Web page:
Global Report Women in Business and Management: The business case for change
Women in Business and Management
For the past five years, the International Labour Organization (ILO) has built a case for higher representation of women in decision-making positions. Our first global report on Women in Business and Management: Gaining Momentum was published in 2015 and we have continuously worked with employer and business membership organizations (EBMOs) globally to present the business case for gender diversity, provide information and data on the evolving situation of women in management and boardrooms and showcase good practice examples from enterprises and EBMOs on their measures and strategies to shift the status quo.
We know that improving gender diversity in the workplace does not only benefit women. Mounting evidence shows that it is a boon to societies, economies and enterprises themselves. Encouragingly, we are seeing considerable efforts by enterprises and EBMOs to reap the benefits of having women at the top across countries in all regions. Still, progress has been patchy, and, in some cases, the pace of change has not been compatible with the positive evidence. The success of these efforts is crucial in enabling enterprises to secure talented women and men who will seize new growth opportunities and offer business solutions as we navigate the forces that are transforming the nature of work.
In 2019, we present our second global report on Women in Business and Management: The business case for change. Our new report, conducted together with EBMOs and nearly 13,000 surveyed enterprises across the globe, offers new insights into how gender diversity at the top improves organizational performance. These include how the many dimensions of an organization’s policies, a gender-balanced workforce and a gender-inclusive culture, among other factors, move the needle for more women to hold decision-making power. In short, this report explores the business case for gender diversity in the workplace and women’s representation at the management and board levels, and it evaluates the success of various inclusion initiatives.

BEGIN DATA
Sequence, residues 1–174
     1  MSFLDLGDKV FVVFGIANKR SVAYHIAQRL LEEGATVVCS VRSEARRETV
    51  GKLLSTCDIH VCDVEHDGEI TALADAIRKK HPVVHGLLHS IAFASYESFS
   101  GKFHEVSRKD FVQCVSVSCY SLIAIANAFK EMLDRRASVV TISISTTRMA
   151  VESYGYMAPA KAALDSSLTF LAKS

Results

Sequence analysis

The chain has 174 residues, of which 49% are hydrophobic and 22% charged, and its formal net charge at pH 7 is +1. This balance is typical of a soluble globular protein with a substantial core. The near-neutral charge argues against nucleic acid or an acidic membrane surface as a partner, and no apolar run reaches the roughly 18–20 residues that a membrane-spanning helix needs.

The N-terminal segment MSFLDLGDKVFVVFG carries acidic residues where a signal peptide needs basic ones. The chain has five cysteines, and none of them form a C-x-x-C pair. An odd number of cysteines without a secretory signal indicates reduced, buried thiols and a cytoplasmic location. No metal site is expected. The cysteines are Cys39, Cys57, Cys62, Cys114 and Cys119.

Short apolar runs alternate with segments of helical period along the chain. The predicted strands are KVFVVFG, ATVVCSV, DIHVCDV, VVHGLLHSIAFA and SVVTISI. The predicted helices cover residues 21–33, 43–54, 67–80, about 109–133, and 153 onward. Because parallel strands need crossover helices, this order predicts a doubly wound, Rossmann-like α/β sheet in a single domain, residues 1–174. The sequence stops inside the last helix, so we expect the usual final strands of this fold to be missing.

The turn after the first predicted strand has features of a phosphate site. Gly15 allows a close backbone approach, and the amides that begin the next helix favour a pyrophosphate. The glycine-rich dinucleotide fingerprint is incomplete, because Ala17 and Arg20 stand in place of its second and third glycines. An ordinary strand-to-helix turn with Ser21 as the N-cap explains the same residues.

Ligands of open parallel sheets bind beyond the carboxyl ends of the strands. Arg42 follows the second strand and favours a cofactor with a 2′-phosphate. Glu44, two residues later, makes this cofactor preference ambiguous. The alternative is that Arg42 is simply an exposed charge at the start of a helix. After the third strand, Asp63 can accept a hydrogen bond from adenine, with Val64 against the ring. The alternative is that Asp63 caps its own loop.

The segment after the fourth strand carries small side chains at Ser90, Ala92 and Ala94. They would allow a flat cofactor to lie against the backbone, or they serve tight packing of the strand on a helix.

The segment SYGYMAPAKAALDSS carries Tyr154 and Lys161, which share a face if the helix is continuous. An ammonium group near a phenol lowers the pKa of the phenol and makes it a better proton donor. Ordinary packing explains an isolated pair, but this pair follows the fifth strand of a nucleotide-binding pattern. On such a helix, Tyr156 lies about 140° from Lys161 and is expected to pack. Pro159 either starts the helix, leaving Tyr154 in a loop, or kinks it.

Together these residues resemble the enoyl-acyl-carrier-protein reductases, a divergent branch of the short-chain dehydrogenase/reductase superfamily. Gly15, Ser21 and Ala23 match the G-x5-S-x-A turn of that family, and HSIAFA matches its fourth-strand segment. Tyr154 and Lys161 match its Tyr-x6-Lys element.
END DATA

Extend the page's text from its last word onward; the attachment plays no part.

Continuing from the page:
The business case for gender diversity has been quantified and measured in numerous studies. Our own research reinforces and expands this evidence at the global scale – all enterprises stand to benefit from higher profitability and productivity; increased ability to attract and retain talent; greater creativity, innovation and openness; enhanced reputation; and the ability to better gauge consumer interest and demand. The benefits are not insignificant: nearly three out of four surveyed enterprises that cited improved bottom line indicated a profit increase of between 5 and 20 per cent.
With this in mind and given the changing nature of work as well as current and future skills shortages, it is imperative for enterprises to make a strategic choice to develop their organizations into a workplace where talented women and men want to be and create enabling conditions that lead to success.